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Orthonormal Vectors

  • Thread starter roam
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  • #1
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Homework Statement



http://img130.imageshack.us/img130/2217/49541511.gif [Broken]


The Attempt at a Solution



I'm not sure how I need to start but I think I need to use the Gram-Schmidt orthogonalization process to first to transform this into an orthogonal basis, and then normalize them to obtain an orthonormal basis. So we have:

[tex]w_1=(1,1,1,0)^T[/tex]
[tex]w_2=(0,1,1,1)^T[/tex]

[tex]v_1=w_1=(1,1,1,0)^T[/tex]

[tex]v_2=w_2 - proj_{w_1}w_2 = (1,1,1,0)^T - \frac{w_2 . v_1}{\| v_1 \|}v_1[/tex]

[tex]= \left(\begin{array}{ccc}0\\1\\1\\1\end{array}\right) - \frac{\left(\begin{array}{ccc}0\\1\\1\\1\end{array}\right).\left(\begin{array}{ccc}1\\1\\1\\0\end{array}\right)}{\left\| \left(\begin{array}{ccc}1\\1\\1\\0\end{array}\right) \right\|} \left(\begin{array}{ccc}1\\1\\1\\0\end{array}\right)[/tex]

[tex]= \left(\begin{array}{ccc}0\\1\\1\\1\end{array}\right)- \frac{2}{3} \left(\begin{array}{ccc}1\\1\\1\\0\end{array}\right) = \left(\begin{array}{ccc}-2/3\\1/3\\1/3\\1/3\end{array}\right)[/tex]

Now I normalize the the vectors:

[tex]\left\| v_1 \right\| = \sqrt{3}[/tex]

[tex]\left\| v_2 \right\| = \sqrt{\left(\frac{-2}{3}\right)^2+\left(\frac{1}{3}\right)^2+\left(\frac{1}{3}\right)^2+\left(\frac{1}{3}\right)^2} = \sqrt{\frac{7}{9}}[/tex]

[tex]q_1 = \frac{v_1}{\|v_1 \|} = \left(\begin{array}{ccc}1/\sqrt{3}\\1/\sqrt{3}\\1/\sqrt{3}\\0\end{array}\right)[/tex]

[tex]q_2 = \frac{v_2}{\|v_2 \|} = \left(\begin{array}{ccc}-2/3 \div \sqrt{7/9}\\1/3 \div \sqrt{7/9}\\1/3 \div \sqrt{7/9}\\1/3\div \sqrt{7/9}\end{array}\right)[/tex]

I don't know if my method and my results are correct. Is there anything wrong with my working?
 
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Answers and Replies

  • #2
vela
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Your formula for v2 should say [itex]\| v_1 \|^2[/itex] on the bottom. That's actually how you did the calculation, though, so your answer is correct. You can simplify v2 by pulling the 9 out of the square root and canceling it with the 3 in the numerator.

You can always check your answer by finding the dot product of v1 and v2 and making sure it's zero, and double-checking to make sure the two vectors are normalized.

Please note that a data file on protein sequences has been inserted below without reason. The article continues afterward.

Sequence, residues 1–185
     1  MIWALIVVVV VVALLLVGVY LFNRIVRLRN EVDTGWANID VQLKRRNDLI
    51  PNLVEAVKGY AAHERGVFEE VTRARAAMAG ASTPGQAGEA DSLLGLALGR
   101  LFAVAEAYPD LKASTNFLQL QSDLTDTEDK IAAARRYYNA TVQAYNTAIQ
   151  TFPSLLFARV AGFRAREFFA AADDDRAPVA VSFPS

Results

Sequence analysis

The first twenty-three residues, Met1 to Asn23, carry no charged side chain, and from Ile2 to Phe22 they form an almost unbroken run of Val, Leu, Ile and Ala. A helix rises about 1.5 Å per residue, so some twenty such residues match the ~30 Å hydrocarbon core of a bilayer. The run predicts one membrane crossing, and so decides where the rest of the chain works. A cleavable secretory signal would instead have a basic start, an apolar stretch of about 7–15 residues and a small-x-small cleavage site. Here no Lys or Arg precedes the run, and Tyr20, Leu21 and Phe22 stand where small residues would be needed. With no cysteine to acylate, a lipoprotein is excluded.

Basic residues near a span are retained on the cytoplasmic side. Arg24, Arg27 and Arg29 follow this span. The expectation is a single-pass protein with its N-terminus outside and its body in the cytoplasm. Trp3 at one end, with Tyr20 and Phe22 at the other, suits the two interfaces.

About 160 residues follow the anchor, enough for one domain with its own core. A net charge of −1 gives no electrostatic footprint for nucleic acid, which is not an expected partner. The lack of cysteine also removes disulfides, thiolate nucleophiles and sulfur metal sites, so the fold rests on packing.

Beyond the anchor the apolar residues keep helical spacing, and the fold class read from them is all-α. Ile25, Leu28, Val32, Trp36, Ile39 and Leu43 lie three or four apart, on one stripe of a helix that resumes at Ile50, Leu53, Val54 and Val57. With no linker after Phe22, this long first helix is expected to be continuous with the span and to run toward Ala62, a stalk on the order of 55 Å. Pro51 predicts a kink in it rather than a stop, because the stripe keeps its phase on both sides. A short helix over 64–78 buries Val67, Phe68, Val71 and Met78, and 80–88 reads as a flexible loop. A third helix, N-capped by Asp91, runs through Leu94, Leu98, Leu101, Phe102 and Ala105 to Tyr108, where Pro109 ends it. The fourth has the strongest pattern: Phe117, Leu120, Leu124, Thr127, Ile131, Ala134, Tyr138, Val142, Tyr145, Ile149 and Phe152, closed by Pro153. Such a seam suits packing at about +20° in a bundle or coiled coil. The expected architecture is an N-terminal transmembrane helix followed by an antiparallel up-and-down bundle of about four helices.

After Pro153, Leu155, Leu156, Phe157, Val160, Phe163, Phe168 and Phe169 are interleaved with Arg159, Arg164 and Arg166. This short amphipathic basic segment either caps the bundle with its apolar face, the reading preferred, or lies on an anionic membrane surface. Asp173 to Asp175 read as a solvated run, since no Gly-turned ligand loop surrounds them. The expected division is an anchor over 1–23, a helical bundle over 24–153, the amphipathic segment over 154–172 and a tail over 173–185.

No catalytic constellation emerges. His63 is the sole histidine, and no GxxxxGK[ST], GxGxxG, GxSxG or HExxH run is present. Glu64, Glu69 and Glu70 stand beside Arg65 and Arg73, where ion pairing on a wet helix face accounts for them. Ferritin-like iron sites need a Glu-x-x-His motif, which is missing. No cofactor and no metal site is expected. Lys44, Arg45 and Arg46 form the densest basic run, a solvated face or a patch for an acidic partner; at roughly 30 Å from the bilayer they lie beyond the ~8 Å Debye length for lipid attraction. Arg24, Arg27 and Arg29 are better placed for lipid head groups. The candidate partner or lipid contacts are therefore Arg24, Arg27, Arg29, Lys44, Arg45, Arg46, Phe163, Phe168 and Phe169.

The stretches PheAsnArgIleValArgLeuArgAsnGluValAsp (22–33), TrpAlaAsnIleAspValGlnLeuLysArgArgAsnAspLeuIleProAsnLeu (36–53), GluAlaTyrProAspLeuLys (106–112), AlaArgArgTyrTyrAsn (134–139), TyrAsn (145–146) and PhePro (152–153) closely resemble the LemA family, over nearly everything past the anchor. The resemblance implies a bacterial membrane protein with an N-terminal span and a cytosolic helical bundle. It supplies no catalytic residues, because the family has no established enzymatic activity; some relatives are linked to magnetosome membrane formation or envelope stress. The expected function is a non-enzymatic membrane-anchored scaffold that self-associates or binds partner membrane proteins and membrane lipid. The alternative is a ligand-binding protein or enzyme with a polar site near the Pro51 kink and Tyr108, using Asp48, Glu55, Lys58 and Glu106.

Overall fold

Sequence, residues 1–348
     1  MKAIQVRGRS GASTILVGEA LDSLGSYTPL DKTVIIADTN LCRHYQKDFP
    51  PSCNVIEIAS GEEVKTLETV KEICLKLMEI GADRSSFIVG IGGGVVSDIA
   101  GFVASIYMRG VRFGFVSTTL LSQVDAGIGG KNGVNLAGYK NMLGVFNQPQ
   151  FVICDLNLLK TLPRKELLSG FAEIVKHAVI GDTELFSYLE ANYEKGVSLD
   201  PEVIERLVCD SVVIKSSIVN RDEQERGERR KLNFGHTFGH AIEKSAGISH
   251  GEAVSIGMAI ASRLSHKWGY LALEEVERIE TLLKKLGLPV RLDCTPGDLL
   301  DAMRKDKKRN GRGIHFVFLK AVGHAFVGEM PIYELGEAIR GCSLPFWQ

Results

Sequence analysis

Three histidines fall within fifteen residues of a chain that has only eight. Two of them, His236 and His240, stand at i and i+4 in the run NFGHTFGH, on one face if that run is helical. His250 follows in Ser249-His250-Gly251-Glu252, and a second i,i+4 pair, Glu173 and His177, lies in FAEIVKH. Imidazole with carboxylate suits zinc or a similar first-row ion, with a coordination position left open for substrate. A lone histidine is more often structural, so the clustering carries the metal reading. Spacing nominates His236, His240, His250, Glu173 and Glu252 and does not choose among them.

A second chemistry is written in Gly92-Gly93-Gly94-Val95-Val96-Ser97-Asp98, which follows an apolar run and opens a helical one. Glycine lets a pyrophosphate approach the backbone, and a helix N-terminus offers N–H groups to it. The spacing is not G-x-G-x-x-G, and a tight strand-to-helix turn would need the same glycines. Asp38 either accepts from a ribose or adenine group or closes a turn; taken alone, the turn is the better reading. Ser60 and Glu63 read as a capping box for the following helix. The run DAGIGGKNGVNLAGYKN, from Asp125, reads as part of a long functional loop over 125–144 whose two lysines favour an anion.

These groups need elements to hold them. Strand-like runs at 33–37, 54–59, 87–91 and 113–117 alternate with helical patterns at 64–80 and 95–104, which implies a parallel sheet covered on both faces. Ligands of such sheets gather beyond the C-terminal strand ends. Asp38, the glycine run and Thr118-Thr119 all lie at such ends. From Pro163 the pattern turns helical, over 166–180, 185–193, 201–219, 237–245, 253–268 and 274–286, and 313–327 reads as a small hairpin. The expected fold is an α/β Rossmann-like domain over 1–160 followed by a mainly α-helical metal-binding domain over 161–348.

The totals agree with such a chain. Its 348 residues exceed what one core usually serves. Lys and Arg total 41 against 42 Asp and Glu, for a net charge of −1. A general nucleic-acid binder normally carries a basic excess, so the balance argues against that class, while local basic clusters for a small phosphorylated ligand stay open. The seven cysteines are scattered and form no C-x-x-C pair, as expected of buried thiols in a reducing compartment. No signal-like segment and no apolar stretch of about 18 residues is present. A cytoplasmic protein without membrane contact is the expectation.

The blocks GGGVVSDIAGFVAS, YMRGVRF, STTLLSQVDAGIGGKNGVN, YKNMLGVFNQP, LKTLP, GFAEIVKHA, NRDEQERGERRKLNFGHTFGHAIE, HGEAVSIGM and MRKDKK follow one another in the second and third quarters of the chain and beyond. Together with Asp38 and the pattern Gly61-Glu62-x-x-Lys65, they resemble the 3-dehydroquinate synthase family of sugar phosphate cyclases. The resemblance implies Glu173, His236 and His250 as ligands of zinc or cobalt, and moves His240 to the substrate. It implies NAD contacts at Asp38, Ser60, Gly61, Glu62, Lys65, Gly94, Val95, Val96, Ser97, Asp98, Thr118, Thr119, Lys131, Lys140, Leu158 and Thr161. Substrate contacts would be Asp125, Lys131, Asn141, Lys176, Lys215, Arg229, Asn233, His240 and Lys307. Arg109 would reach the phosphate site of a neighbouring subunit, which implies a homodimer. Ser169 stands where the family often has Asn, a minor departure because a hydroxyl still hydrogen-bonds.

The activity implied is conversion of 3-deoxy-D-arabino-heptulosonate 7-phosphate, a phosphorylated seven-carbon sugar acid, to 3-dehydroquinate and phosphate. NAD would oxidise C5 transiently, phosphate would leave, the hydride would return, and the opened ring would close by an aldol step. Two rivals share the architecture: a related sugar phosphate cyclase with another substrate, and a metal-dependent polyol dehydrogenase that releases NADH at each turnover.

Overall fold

• #3
jbunniii
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I don't think your answer is right. If the Gram-Schmidt procedure is carried out correctly, [itex]\{q_1,q_2\}[/itex] and [itex]\{w_1,w_2\}[/itex] should be bases for the same subspace. In particular, it should be possible to express [itex]w_2[/itex] as a linear combination of [itex]q_1[/itex] and [itex]q_2[/itex]. It's not hard to see that this is impossible with your [itex]q_1[/itex] and [itex]q_2[/itex].
 
  • #4
vela
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jbunniii is right. I missed the arithmetic mistake you made when calculating the fourth component of v2. Your general method is correct, however, even if your execution of it wasn't perfect.
 
  • #5
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Thanks you everyone. :smile:

So,

[tex]v_2 = \left(\begin{array}{ccc}-2/3\\1/3\\1/3\\1\end{array}\right)[/tex]

Therefore

[tex]q_2 = \frac{v_2}{\|v_2 \|} = \left(\begin{array}{ccc}-2/3 \div \sqrt{7/9}\\1/3 \div \sqrt{7/9}\\1/3 \div \sqrt{7/9}\\1/ \sqrt{7/9}\end{array}\right)[/tex]

About the simplification, I'm not sure if I understand this properly:

You can simplify v2 by pulling the 9 out of the square root and canceling it with the 3 in the numerator.
How can I pull the 9 out of the square root? :confused:
 
  • #6
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So, how should I simplify q2?
 
  • #7
jbunniii
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So, how should I simplify q2?
As vela said, you can pull the 9 out of the square root since it's equal to [itex]3^2[/itex]:

[tex]\sqrt{\frac{7}{9}} = \frac{1}{3}\sqrt{7}[/tex]

Also, instead of DIVIDING by

[tex]\sqrt{\frac{7}{9}}[/tex]

it's more conventional to MULTIPLY by the reciprocal, which is

[tex]\sqrt{\frac{9}{7}} = \frac{3}{\sqrt{7}}[/tex]

and if you don't like square roots in the denominator (I personally think they're A-OK), this is equivalent to

[tex]\frac{3\sqrt{7}}{7}[/tex]
 

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